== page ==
Minimization in the Age of Cyberwar

I’d like to compare how the NSA talking point document released yesterday compares with a document Glenn Greenwald has or has seen, with respect to minimization under Section 702 (PRISM/FAA) collection. Remember PRISM allows the government to access Internet communications with little review of individual targeting decisions, and any American communications accessed with that foreign target communication is also viewed.

The NSA document says US person communications can only be disseminated (this includes getting shared with FBI) if it is necessary to understand the communication, and evidence of crime, or indicates a threat of death.

The dissemination of any information about U.S. persons is expressly prohibited unless it is necessary to understand foreign intelligence or assess its importance; is evidence of a crime; or indicates a threat of death or serious bodily harm.

The Guardian document (which they did not publish) says US person communications — and note, these are entirely domestic communications — can be disseminated in two slightly different cases and a third unrelated one. The unrelated one permits US person communications to be disseminated if it contains “information necessary to understand or assess a communications security vulnerability.”

One typical example is a document submitted by the NSA in July 2009. In its first paragraph, it purports to set forth “minimization procedures” that “apply to the acquisition, retention, use, and dissemination of non-publicly available information concerning unconsenting United States persons that is acquired by targeting non-United States persons reasonably believed to be located outside the United States in accordance with section 702 of the Foreign Intelligence Surveillance Act of 1978, as amended.”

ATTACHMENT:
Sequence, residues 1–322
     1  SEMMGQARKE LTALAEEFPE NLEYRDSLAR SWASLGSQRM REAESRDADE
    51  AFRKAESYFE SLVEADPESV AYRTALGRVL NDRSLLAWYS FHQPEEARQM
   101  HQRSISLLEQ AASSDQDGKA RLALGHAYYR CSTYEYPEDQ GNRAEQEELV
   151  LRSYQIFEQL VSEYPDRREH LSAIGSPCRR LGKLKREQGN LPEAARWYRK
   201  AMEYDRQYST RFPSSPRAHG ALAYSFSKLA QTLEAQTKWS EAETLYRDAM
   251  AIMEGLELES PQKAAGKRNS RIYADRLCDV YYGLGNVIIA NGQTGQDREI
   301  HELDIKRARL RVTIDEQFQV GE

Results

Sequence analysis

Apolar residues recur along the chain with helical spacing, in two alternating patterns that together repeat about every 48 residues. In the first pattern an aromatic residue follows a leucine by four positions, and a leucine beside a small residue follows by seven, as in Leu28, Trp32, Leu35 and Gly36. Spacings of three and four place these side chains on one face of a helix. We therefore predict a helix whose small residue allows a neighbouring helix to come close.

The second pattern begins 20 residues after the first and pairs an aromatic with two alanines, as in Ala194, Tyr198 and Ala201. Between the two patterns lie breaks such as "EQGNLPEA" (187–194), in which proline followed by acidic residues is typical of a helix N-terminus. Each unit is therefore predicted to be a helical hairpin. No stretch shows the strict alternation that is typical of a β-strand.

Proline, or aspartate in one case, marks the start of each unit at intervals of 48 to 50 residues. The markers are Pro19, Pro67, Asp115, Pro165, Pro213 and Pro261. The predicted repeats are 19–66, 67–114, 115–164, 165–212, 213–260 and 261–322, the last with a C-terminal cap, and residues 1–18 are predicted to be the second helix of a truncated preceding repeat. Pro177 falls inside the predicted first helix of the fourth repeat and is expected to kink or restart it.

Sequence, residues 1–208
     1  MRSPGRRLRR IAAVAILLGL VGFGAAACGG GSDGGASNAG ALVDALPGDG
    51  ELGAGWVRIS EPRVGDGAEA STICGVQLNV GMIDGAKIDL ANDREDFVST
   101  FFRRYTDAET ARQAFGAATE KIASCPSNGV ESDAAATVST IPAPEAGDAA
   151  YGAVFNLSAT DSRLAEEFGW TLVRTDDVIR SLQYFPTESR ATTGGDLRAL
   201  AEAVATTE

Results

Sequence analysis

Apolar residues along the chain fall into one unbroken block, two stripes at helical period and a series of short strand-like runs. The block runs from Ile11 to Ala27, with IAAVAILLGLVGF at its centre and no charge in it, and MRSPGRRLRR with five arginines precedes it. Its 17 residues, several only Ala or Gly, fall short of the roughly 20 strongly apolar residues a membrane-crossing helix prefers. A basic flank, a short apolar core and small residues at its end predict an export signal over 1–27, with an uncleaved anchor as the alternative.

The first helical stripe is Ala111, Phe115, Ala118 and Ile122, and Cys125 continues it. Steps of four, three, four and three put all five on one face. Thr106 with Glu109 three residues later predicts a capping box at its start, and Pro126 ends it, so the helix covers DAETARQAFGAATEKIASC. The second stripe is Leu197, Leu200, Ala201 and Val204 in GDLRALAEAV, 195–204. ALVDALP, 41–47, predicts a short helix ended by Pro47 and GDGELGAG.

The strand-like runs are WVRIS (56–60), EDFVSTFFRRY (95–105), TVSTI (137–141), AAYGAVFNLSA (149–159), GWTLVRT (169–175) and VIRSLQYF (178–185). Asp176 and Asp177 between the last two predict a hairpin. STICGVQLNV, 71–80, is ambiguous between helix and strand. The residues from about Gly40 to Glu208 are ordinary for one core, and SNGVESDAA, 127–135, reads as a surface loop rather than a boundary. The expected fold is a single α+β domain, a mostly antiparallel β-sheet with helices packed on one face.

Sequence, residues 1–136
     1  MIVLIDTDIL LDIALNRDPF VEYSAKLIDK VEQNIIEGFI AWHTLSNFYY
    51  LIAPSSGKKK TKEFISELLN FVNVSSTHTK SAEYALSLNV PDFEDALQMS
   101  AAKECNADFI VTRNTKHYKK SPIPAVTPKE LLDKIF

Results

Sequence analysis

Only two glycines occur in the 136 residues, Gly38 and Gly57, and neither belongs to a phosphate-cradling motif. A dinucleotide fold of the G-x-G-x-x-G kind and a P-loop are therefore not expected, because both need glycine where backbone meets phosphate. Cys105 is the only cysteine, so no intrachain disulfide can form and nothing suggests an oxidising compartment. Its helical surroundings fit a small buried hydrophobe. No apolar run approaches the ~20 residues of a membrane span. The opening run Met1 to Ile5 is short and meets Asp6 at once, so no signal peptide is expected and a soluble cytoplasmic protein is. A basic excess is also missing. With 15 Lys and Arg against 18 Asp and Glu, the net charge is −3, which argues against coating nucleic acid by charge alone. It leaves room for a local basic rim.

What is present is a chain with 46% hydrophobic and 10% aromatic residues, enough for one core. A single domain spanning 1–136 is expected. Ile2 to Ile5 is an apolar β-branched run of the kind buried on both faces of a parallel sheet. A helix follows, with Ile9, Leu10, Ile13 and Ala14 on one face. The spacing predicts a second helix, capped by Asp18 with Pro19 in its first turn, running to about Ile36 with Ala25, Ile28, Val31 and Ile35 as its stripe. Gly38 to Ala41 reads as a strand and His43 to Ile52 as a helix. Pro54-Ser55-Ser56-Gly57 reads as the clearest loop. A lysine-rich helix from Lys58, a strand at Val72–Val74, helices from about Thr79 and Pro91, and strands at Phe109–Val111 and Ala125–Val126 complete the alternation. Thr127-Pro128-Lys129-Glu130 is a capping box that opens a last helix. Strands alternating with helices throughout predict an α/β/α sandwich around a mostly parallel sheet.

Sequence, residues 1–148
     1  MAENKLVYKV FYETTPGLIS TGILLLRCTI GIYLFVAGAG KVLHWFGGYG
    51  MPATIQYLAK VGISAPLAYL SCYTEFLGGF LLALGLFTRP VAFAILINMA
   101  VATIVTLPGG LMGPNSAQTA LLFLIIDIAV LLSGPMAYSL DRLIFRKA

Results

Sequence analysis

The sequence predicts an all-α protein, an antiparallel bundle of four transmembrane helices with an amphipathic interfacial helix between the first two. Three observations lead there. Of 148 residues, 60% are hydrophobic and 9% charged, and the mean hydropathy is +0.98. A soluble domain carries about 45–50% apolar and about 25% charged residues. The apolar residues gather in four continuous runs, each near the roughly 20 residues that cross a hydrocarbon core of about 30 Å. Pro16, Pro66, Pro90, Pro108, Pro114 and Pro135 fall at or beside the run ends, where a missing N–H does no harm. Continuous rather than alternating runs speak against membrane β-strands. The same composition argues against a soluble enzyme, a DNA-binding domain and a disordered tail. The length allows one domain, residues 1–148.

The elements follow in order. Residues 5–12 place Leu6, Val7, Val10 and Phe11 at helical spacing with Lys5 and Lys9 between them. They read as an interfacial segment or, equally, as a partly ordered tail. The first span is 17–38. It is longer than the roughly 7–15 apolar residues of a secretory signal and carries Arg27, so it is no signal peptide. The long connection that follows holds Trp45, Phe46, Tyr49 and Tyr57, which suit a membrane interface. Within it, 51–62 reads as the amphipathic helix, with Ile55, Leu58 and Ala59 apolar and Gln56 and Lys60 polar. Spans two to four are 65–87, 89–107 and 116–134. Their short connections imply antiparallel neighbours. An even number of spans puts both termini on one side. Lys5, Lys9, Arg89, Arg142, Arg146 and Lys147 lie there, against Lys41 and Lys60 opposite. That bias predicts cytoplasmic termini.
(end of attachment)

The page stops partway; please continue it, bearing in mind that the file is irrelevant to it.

That document provides that “communications of or concerning United States persons that may be related to the authorized purpose of the acquisition may be forwarded to analytic personnel responsible for producing intelligence information from the collected data.” It also states that “such communications or information” – those from US citizens – “may be retained and disseminated” if it meets the guidelines set forth in the NSA’s procedures.

Those guidelines specifically address what the NSA does with what it calls “domestic communications”, defined as “communications in which the sender and all intended recipients are reasonably believed to be located in the United States at the time of acquisition”. The NSA expressly claims the right to store and even disseminate such domestic communication if: (1) “it is reasonably believed to contain significant foreign intelligence information”; (2) “the communication does not contain foreign intelligence information but is reasonably believed to contain evidence of a crime that has been, is being, or is about to be committed”; or (3) “the communication is reasonably believed to contain technical data base information, as defined in Section 2(i), or information necessary to understand or assess a communications security vulnerability.” [my emphasis]

Now, this is not an apple to apple comparison. Indeed, this could very well be an apples to small rubber child’s ball comparison.

The NSA document purports to describe minimization as it occurs today. The Guardian one dates to July 2009, so may be out of date, for starters.

And by design, the NSA timeline focuses on terrorism examples because TERROR TERROR TERROR is very convincing to people who don’t want to think. Based on the mention of a “communications security vulnerability,” the Guardian one seems to be a 702 order describing minimization for a cybersecurity order.

If that’s true, though, it suggests two things. First, that hacking has been equated to terrorism as a crime adequate to disseminate US person communications with no warrant.